Working Fields

Our main interest is plasma research.

One part is basic research:
What happens in a highly reactive plasma which is excited by various methods which produce so-called low density plasmas (capacitively driven, as in conventional sputter systems or parallelplate reactors), or, by contrast, high density plasmas (inductively driven or driven by resonant techniques like ECR, ECWR, or helicons)? In this area, the main issue is first measuring of plasma parameters like plasma density, temperature of electrons and gaseous components, DC conductivity, electrical parameters like the complex impedance.
Second, to model these plasmas: to get an idea of how the power of the electromagnetic field is absorbed by and dissipated into the plasma.

The other great part is interaction of the plasma with surfaces for anisotropic etching.
Here, we are mainly interested in creating structures which are rectangularly carved into the substrate with a lateral pattern fidelity as high as possible. During my time at Siemens, we managed to etch 100 microns in depth into GaAs with an undercut of less than 2 microns (Flying Carpet in the middle of the picture bar atop the Start Page). This is a so-called aspect ratio of 50. But also RIE of metals is still in the focus. In 2002, we could etch platinum free of residuals, and in 2017, we succeeded in removing gold films by a physically-induced chemical process. Both constitute the Bell contact which is still in use in III/V processing technology.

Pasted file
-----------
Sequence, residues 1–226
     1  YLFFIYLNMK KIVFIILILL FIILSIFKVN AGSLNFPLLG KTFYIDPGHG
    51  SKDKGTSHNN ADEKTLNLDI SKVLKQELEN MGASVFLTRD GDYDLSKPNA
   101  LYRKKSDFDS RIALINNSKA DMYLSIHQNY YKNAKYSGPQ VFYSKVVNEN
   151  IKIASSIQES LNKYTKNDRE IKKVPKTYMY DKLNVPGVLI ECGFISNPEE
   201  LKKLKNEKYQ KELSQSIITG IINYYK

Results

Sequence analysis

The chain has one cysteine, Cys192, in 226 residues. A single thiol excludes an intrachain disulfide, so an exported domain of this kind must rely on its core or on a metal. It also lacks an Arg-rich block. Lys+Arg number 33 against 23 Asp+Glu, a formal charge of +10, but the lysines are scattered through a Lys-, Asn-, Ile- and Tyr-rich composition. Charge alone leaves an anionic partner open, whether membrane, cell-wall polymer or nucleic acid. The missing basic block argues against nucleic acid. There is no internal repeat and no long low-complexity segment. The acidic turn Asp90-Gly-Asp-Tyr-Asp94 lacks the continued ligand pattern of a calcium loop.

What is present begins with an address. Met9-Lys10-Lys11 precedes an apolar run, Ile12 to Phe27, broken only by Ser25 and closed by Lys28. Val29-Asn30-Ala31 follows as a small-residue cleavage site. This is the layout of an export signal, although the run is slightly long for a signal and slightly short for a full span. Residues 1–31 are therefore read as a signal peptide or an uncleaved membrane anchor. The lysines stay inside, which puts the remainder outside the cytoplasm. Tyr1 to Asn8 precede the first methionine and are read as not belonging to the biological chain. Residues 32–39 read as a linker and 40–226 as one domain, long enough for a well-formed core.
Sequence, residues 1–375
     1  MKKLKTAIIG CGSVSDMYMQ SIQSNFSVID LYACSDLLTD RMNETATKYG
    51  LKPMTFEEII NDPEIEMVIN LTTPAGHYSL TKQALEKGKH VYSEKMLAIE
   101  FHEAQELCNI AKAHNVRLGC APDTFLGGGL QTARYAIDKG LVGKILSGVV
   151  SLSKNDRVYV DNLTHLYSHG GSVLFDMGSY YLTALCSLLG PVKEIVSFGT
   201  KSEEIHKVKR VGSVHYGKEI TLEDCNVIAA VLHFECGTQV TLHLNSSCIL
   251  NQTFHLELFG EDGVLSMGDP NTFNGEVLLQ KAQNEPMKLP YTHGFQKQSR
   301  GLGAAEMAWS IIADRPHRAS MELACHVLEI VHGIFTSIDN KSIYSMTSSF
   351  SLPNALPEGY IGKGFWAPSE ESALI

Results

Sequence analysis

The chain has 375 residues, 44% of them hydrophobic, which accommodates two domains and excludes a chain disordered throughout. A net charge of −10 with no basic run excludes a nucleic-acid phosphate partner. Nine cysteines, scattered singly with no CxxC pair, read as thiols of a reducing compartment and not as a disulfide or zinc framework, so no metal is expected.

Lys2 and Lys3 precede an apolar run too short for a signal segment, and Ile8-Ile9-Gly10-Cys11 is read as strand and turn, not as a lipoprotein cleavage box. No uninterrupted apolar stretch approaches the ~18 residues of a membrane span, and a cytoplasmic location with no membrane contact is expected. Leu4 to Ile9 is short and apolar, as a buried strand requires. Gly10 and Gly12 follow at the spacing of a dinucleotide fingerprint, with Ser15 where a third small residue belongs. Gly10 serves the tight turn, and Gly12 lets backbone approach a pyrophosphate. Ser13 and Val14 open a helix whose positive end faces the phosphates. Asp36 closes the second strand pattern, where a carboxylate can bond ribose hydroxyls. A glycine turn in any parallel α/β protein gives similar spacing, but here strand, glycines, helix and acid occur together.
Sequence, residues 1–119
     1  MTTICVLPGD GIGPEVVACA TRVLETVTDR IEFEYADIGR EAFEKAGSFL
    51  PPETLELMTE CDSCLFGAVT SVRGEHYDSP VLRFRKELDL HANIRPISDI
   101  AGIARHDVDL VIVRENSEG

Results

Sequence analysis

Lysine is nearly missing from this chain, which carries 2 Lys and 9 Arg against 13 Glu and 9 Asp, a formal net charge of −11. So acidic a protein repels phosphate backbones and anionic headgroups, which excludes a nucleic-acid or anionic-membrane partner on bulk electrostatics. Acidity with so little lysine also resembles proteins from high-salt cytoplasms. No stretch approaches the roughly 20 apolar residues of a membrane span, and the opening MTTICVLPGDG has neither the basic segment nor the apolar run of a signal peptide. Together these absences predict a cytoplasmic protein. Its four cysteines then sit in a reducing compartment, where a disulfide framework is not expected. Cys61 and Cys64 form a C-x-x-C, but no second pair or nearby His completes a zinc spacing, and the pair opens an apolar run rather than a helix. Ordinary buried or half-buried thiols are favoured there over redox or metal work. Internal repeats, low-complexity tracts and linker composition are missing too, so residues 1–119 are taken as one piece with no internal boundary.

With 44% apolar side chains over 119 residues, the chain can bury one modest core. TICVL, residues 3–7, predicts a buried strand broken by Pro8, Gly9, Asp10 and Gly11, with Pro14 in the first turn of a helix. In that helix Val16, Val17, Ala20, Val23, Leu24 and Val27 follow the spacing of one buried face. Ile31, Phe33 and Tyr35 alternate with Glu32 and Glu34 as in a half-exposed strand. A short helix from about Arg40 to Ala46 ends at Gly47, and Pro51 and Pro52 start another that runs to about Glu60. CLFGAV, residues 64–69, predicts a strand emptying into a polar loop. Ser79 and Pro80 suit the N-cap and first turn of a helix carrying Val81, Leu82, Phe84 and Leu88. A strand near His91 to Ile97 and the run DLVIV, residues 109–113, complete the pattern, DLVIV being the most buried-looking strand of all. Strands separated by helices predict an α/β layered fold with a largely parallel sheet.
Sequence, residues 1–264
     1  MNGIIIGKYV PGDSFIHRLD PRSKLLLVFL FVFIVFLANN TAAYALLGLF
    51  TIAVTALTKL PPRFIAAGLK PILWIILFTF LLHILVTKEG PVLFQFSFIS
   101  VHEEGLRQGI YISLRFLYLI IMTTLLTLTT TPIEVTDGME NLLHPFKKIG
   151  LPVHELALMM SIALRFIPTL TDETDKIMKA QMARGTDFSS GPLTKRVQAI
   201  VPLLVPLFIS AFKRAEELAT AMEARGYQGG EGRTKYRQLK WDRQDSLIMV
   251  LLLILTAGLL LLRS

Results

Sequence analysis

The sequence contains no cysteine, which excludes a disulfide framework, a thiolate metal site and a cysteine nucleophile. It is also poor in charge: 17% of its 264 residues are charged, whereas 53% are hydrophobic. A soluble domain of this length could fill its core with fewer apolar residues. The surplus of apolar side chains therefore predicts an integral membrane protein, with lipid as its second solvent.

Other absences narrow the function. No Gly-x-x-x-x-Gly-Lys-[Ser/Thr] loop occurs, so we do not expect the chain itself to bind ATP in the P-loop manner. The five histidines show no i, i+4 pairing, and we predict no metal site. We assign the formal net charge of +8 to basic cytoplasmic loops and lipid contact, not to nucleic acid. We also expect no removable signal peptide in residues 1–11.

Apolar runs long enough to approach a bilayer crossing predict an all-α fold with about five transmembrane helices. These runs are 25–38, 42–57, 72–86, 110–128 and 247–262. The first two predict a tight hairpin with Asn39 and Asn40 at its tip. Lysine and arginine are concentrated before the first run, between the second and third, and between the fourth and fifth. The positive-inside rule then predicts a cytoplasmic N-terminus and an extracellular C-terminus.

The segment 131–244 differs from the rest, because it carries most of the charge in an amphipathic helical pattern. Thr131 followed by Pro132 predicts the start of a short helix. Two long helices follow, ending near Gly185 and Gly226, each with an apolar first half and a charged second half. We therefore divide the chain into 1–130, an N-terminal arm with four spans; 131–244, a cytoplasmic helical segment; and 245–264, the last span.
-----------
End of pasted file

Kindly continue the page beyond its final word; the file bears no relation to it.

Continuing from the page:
Since etching means inevitable damage, a third area of research is damage of the remnant surface and topmost volume. This has been accomplished by applying several diagnostic techniques to surfaces and three dimensional structures, mostly during my time at Siemens where I had been member of the Munich based Research Laboratory, Photonics division. Consequently, my etching work focused on III/V semiconductors, but also SiC substrates (blue glowing LEDs) and Pt films (part of the Bell contact) were matter of interest.
Damage will be an area of topical research again, since my collegue Hans-Christian Alt and me have founded a center of competency which is called Center of Nanostructuring Technology.

From 2005, chemical vapor deposition of poly-p-xylylen has come into the focus of our research. Starting with basic investigations concerning the exact determination of vapor pressure and plasma-relevant parameters (plasma density, electron temperature), we intensively work on the development of antibacterial catheters for urological applications.

Plasma Diagnostics

III/V Semiconductors





Chemical Vapor Deposition